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This, uh, map, “Terra Firma et Novum Regnum,” is a beautiful map of a portion of Central America and the northwest coast of South America. Uh, at the very top is a representation of the “Mar del Norte,” the Sea of the North, with a compass rose there; and below the Central American depiction is another compass rose and the words “Mar del Zur.” Many people think about, uh, the Americas as separating the oceans, uh, east and west, but in this particular context, uh, the water is to the north, hence “Mar del Norte,” and also to the south, therefore “Mar del Zur.” Whereas portions of Colombia are shown as well as various portions of Peru, the map is wonderful in its depiction of the very mountainous coast, uh, that characterizes that part of South America, and, indeed, goes right down the entire western coast of South America. The, uh, the mountains are, uh, not there to depict specific peaks, but, uh, you get a wonderful sense of just how many mountains there are, and it graphically illustrates, uh, the fact of- of- of the great mount- mountainous character of the, uh, of the area. Another beautiful map by- by Blaeu.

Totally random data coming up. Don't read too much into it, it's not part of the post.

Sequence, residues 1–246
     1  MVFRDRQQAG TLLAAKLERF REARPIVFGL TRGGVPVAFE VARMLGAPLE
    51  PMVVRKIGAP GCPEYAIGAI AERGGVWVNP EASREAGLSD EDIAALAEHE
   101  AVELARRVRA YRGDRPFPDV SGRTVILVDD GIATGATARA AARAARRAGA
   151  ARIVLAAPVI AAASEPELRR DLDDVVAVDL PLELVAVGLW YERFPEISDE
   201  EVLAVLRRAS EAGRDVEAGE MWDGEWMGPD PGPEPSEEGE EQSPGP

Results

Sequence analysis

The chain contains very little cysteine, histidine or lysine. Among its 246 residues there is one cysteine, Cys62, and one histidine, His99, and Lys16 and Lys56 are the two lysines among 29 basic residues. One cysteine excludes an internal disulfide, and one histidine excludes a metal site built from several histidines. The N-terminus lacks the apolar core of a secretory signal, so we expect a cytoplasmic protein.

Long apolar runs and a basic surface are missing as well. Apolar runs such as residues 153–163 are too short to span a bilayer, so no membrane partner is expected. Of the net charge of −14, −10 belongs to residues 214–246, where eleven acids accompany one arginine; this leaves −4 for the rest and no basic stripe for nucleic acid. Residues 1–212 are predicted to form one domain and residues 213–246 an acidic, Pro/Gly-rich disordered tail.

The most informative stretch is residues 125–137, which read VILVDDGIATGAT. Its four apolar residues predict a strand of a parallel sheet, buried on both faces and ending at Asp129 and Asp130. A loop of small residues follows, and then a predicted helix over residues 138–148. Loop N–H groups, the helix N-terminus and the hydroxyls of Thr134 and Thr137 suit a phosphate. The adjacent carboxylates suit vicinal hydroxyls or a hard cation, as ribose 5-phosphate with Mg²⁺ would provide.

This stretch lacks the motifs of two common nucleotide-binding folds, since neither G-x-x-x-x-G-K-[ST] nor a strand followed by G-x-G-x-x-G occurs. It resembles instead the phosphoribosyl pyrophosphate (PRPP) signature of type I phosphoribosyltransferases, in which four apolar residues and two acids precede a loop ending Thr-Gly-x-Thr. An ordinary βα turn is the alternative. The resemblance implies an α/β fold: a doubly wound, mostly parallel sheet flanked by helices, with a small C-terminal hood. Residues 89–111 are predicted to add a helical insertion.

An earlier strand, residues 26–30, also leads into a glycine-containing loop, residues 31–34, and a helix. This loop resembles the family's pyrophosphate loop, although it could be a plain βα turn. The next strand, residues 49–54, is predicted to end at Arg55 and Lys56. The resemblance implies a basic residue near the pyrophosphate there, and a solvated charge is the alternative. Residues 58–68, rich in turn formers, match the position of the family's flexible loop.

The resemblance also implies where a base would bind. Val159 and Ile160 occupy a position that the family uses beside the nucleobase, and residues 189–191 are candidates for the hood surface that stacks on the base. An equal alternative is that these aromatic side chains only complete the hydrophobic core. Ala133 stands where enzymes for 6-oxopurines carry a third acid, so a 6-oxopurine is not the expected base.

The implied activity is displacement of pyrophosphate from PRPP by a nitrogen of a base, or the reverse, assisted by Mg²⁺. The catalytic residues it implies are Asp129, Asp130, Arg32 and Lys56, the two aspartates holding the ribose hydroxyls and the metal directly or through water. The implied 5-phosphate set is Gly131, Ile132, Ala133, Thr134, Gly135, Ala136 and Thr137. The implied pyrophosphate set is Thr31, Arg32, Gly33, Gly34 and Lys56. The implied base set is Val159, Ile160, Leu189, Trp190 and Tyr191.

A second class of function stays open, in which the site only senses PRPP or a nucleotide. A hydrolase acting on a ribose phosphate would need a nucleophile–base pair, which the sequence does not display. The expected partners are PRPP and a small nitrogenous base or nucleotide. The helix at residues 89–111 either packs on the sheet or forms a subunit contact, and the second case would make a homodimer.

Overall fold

For more details, view the catalog record: https://library.villanova.edu/Find/Record/1935539

Nova Virginiae tabvla